Patient : Peripheral Vascular Disease

In the United States, approximately 8 to 12 million patients are affected with Peripheral Vascular Disease. An estimated 600,000 interventional procedures are performed for the treatment of lower limb arterial disease each year, including Percutaneous Transluminal Angioplasty (PTA), bypass surgery and amputation.

Risk factors for Peripheral Vascular Disease (PVD) include the following:

      • More than 50 years old
      • History of smoking
      • History of diabetes
      • Obesity
      • Lack of exercise
      • History of high blood pressure
      • History of high cholesterol
      • History of hyperlipidemia
      • Genetic factors

The most common symptom of PVD is intermittent claudication, defined as pain on walking that is relieved by rest. Intermittent claudication accounts for 90% of all symptomatic cases of PVD, and 75% of all diagnosed cases of PVD. In PVD the femoral and/or popliteal arteries tend to be highly diffuse, with long chronic total occlusions or long segments with multiple narrowed areas.

Treatment options for PVD include conservative medical management and more aggressive invasive therapies including percutaneous transluminal angioplasty (PTA), surgical bypass, and amputation. Procedural estimates for the year 2000 identify PVD treatments as noted below:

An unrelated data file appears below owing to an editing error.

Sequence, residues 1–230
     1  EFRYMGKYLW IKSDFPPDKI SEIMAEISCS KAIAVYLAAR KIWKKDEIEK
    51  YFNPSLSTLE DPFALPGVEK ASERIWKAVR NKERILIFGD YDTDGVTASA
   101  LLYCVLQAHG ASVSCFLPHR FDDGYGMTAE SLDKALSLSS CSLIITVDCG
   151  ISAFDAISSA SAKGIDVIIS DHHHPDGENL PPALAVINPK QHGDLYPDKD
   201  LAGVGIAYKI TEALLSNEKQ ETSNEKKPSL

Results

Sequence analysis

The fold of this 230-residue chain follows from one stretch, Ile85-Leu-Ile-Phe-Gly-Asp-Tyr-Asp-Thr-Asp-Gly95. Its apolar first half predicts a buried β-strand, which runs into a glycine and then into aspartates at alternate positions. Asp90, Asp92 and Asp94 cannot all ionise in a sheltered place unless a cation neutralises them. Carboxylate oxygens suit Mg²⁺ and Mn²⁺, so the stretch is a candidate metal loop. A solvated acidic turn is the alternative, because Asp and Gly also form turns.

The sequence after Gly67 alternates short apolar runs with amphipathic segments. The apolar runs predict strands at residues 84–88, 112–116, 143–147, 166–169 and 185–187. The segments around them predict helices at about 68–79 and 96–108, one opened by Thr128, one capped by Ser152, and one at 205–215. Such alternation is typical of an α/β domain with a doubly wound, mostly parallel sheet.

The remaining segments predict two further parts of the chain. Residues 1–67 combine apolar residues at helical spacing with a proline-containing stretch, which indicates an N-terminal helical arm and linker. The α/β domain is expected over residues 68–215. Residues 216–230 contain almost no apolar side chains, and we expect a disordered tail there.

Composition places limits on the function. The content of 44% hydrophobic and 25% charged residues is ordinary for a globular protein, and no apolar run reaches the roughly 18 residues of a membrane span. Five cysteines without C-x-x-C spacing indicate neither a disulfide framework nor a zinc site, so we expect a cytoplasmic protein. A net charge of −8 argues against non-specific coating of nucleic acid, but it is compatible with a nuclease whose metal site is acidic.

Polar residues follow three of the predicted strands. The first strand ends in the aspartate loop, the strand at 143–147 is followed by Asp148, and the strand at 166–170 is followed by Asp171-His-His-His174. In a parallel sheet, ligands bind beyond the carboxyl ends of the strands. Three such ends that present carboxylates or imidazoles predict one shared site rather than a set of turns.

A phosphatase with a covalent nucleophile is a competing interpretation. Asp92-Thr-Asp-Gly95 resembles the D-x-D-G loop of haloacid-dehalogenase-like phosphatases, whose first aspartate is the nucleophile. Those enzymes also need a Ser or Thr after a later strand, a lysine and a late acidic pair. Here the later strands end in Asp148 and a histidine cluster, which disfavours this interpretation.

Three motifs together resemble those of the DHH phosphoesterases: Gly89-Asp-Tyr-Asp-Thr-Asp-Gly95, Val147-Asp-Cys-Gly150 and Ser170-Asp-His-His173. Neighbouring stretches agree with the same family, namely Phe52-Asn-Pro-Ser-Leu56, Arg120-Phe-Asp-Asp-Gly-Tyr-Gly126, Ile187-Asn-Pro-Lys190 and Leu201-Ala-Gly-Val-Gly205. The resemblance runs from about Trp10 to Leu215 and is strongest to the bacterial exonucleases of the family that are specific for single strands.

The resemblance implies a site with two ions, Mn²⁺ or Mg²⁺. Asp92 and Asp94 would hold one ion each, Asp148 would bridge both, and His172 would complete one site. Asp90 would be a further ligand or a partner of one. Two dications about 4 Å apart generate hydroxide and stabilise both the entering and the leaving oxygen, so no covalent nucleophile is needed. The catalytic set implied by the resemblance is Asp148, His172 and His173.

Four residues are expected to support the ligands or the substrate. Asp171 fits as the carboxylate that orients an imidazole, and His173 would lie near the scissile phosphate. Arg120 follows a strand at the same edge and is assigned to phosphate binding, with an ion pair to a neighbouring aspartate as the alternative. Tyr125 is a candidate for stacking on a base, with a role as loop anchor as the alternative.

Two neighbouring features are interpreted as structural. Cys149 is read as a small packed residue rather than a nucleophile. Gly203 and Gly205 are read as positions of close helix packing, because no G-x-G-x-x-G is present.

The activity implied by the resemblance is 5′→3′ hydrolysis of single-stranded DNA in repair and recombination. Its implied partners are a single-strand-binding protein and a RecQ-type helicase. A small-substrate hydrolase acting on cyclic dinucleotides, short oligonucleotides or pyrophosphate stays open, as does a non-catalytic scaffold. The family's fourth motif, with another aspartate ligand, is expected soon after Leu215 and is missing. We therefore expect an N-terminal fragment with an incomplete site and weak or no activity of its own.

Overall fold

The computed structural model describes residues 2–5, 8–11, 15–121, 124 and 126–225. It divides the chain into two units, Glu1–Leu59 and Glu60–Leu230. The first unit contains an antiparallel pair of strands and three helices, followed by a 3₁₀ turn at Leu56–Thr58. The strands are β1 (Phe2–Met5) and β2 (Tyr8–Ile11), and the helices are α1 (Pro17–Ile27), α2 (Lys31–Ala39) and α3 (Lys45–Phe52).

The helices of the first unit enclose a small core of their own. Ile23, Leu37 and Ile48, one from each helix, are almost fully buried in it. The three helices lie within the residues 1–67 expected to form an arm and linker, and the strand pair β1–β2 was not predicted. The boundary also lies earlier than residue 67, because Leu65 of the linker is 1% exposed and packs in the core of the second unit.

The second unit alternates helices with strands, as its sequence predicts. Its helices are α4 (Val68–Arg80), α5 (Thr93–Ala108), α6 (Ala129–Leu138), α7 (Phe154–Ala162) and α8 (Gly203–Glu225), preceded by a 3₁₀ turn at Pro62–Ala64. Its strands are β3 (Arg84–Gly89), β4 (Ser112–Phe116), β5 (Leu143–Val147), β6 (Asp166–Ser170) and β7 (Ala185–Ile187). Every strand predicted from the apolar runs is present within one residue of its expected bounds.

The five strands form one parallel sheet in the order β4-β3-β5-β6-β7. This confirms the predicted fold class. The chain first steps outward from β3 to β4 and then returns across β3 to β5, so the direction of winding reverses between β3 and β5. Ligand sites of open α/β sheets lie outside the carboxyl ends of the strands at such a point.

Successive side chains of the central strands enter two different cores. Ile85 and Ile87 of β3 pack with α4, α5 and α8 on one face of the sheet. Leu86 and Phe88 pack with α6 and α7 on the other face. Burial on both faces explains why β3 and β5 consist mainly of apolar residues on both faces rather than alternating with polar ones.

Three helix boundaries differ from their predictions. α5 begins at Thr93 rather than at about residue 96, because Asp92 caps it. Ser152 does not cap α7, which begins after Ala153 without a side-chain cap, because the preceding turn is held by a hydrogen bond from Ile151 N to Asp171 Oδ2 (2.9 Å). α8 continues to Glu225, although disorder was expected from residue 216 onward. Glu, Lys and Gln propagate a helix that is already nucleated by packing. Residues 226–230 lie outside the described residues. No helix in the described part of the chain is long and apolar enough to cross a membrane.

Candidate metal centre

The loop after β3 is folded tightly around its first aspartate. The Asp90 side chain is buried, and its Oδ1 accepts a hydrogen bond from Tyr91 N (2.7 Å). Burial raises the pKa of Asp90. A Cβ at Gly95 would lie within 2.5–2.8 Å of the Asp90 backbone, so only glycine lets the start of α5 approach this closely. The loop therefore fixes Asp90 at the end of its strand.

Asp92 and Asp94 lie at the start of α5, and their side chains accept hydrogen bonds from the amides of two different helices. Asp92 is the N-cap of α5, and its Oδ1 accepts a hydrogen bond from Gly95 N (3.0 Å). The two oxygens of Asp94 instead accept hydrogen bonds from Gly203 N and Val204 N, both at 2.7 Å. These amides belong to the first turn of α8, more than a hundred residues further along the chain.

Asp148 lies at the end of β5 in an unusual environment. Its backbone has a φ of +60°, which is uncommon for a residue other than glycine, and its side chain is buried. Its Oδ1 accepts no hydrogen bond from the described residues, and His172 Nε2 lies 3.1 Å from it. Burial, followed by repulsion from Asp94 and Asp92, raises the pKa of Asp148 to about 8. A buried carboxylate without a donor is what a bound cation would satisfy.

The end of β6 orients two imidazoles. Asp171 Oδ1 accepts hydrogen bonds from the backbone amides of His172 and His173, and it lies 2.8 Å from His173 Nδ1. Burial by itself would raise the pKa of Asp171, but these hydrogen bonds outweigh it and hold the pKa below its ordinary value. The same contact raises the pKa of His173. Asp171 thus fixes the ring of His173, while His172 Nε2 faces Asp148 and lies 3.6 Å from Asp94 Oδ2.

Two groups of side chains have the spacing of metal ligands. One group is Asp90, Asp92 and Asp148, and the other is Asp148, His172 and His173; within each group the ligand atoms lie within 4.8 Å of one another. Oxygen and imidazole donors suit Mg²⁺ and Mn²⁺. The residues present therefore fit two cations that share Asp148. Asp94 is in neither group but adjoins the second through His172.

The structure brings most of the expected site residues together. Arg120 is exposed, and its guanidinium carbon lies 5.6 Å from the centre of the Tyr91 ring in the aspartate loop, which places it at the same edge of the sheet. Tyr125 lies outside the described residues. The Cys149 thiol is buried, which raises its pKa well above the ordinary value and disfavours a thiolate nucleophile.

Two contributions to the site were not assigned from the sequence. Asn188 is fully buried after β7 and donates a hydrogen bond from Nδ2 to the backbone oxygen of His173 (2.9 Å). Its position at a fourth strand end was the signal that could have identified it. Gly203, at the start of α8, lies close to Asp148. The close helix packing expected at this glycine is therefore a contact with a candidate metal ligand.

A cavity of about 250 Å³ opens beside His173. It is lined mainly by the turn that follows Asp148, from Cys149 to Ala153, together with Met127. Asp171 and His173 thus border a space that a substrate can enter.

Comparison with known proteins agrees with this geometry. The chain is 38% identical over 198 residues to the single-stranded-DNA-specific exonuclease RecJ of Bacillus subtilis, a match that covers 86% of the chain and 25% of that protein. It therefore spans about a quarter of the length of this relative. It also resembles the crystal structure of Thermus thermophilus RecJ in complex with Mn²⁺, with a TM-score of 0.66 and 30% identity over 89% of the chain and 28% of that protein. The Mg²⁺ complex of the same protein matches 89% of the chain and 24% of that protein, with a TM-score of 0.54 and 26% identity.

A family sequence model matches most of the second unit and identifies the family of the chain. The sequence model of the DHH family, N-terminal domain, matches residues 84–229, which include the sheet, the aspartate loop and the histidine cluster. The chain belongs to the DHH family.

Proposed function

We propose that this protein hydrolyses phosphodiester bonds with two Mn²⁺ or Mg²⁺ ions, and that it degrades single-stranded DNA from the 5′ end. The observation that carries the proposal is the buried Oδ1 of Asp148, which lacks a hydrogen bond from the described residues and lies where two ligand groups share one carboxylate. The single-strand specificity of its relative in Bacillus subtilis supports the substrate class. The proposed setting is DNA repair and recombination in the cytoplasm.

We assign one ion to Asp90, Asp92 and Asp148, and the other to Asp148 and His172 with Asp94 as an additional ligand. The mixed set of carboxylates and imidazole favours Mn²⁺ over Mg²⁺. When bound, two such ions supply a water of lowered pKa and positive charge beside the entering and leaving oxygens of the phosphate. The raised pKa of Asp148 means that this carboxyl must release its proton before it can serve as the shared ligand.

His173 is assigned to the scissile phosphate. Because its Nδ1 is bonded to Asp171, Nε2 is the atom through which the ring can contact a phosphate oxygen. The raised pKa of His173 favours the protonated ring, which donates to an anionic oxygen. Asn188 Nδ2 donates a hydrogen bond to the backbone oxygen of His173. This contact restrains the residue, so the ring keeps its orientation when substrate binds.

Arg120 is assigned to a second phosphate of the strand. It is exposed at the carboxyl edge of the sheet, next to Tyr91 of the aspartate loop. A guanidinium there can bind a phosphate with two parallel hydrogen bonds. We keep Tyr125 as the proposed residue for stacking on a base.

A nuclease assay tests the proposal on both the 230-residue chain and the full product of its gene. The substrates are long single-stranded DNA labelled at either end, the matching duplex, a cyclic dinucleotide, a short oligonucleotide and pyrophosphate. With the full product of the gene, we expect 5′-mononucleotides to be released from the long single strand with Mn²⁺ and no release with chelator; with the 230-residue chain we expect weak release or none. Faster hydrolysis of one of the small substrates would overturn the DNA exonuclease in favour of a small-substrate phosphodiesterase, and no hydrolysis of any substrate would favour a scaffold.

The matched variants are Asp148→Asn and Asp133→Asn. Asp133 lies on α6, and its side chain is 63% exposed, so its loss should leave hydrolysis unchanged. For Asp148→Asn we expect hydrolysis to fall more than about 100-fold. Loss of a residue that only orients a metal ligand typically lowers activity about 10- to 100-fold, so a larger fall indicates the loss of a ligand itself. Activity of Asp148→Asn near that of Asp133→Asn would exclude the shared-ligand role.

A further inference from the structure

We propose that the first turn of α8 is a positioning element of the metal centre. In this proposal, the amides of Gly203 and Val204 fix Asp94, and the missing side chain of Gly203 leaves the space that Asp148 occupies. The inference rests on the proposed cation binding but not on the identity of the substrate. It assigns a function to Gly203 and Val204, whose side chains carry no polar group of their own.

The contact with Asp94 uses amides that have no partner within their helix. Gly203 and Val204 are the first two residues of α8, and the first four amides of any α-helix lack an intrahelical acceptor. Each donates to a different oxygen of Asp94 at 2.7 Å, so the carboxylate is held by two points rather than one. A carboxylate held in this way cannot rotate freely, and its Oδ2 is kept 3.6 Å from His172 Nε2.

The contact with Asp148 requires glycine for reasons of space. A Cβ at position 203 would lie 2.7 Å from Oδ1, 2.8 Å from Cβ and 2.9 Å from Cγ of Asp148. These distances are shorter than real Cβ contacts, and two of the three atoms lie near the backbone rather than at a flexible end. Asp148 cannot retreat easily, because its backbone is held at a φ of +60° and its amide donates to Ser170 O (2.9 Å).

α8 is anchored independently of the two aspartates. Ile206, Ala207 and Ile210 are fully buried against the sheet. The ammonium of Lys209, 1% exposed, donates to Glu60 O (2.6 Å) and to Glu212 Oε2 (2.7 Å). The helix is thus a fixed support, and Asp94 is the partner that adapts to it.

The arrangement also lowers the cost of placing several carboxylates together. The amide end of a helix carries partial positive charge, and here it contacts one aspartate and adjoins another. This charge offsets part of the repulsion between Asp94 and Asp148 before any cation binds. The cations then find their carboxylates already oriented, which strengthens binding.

• 70,000 Angioplasty with or without stent placement
      • 150,000 Bypass surgeries
      • 30,000 Limb amputations

Because vascular brachytherapy has become the standard of care for the treatment of in-stent restenosis in the coronary arteries, it is expected that vascular brachytherapy will be as successful in the treatment of PVD. The use of vascular brachytherapy in the peripheral vasculature could encourage treatment of patients with less severe disease in order to prohibit further occlusion, be effective in the treatment of patients with more severe disease who are unwilling to undergo surgery, improve treatment in angioplasty patients, and replace surgery for some patients who would otherwise have to undergo surgical bypass or amputation.

The MOBILE Trial has been developed to study the safety and effectiveness of our Strontium90-based peripheral vascular brachytherapy system, for the treatment of in-stent restenosis within the arteries of the legs. Within the MOBILE Trial, patients will be randomized to treatment with vascular brachytherapy or no additional treatment after the angioplasty procedure.

Stented artery of the leg with area of in-stent restenosis.

Balloon angioplasty catheter inside stented artery.

Radiation source train placed at treatment site for <5 minutes.

Peripheral artery post balloon angioplasty and vascular brachytherapy treatment.

For information regarding hospitals and physicians in your area that participate in the MOBILE Trial, please call 800-NOVOSTE.